Not all members of Veterans For Peace seek to be present in public events honoring veterans, because the events tend to be a platform to venerate war and spread militarism. However a significant number of members choose to participate by providing an alternative message of peace and nonviolence. We seek to honor the dead by telling the horrible truth about war in an effort to protect the living. VFP will not be intimidated by efforts to block member participation and we will take all steps necessary to participate in any public event members consider appropriate.

We are tired of parades, memorials and pageantry.

Take back your “thank you for your service” and 50 percent off sales.

We want people to live without threats of U.S. bullets and bombs.

We remember the enormous loss of civilian life that is forgotten in today’s memorials and hidden from view in the U.S. consciousness. America has no space on its calendar to memorialize these victims.

We grieve the loss of friends and the death of veterans unable to forget the tragedies and forgive themselves.

We are angry that there is a holiday that glorifies nationalism and patriotism and ignores the trauma that U.S. militarism enacts all over the globe.

We are filled with rage as we continue to watch the empty political platitudes from the two largest political parties praising soldiers and veterans as they continue to send them off to wars that line the pockets of the rich.

We are frustrated that mainstream media and popular culture glorifies U.S. militarism.

We are exhausted from nightmares of our participation and the images of ongoing trauma from a system of violence we once propped up. We live with the wounds of our moral injuries, scabs that we can’t let heal for fear we’d recreate the injury.

On Memorial Day we don’t want to remember and we are afraid we will forget.

All we know for sure is…

Fuck War.

(To which we would only add: yes, one of those words is obscene; no, it’s not the one with four letters. – The Ed.)


It was the most meteorologically dismal Memorial Day weekend in living memory. Further, due to the global pandemic, there was no parade. And yet, our annoyingly chipper Wandering Photographer managed to find a bright spot: high above the lovingly restored, now gorgeous YMCA building on Congress Street, flew a brand spankin’ new U.S. flag.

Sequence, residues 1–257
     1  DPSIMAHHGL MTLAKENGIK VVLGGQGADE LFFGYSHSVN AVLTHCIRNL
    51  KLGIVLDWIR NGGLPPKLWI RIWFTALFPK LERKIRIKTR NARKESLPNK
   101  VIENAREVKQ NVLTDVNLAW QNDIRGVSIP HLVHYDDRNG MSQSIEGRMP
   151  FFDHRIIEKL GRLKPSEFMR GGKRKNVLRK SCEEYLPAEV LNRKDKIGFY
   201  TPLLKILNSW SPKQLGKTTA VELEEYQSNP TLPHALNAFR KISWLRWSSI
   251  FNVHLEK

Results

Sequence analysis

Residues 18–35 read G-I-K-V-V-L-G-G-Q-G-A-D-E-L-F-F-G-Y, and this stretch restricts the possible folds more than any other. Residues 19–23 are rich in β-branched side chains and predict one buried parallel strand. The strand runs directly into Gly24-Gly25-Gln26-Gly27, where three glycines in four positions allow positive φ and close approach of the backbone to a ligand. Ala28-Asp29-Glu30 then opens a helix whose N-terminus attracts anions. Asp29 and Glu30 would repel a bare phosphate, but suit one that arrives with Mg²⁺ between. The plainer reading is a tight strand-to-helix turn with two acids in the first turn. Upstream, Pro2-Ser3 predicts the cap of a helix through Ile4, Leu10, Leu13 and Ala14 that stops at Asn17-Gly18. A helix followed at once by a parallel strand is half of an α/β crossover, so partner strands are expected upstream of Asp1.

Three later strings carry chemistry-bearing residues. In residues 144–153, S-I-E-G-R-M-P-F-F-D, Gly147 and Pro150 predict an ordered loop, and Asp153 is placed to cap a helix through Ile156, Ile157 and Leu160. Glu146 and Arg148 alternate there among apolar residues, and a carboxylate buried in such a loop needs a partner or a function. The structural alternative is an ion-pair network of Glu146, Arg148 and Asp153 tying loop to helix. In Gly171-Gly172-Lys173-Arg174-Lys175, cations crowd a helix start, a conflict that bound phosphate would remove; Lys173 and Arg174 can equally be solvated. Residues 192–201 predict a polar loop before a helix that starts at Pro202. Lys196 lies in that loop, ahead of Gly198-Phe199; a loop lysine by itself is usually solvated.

Arizona Plans Executions With Same Gas Used by Nazis at Auschwitz

by Brett Wilkins, staff writer, Common Dreams

Death penalty abolitionists have expressed shock in recent days following the revelation that Arizona officials are preparing to execute death row inmates using hydrogen cyanide, the same gas with which the Nazis killed over a million people during the Holocaust under the trade name Zyklon B.

Documents obtained by The Guardian show that Arizona’s Republican-controlled Department of Corrections, Rehabilitation, and Reentry (ADCRR) has spent $2,000 to obtain the materials needed to make cyanide gas, including a brick of potassium cyanide purchased last December for $1,530, as well as sodium hydroxide pellets and sulfuric acid.

The documents also revealed that the state’s gas chamber at Arizona State Prison Complex in Florence—which was built in 1949 and hasn’t been used to kill anyone in 22 years—has been “refurbished.”

The Guardian called some of the techniques used to test the death chamber’s efficacy “astonishingly primitive,” including checking its air-tightness by lighting a candle and holding it up against a sealed door and windows.

The last Arizona gas chamber execution stands as a cautionary tale for death row inmates facing the choice of whether to die by gassing or lethal injection. In March 1999, Walter LeGrand, a German national, took 18 minutes to die as he suffered what an eyewitness described as “agonizing choking and gagging” in a cloud of cyanide vapor.

On April 6, Arizona Attorney General Mark Brnovich announced the state was ready to resume killing prisoners, and that he would ask the state Supreme Court to begin issuing execution warrants. Brnovich’s announcement came a month after ADCRR said it had obtained a supply of the lethal injection drug pentobarbital. The Guardian reported in April that Arizona officials spent $1.5 million to acquire pentobarbital from an undisclosed source.

This single-drug execution method causes victims to endure “excruciating suffering, including sensations of drowning and suffocation,” according to anesthesiology expert Dr. Gail Van Norman.

As Common Dreams reported at the time, the last inmate executed by lethal injection in Arizona took nearly two hours to die. Joseph Wood, who was killed in July, 2014, gulped and snorted hundreds of times as 15 shots of an experimental mix of midazolam and hydromorphone coursed through his veins.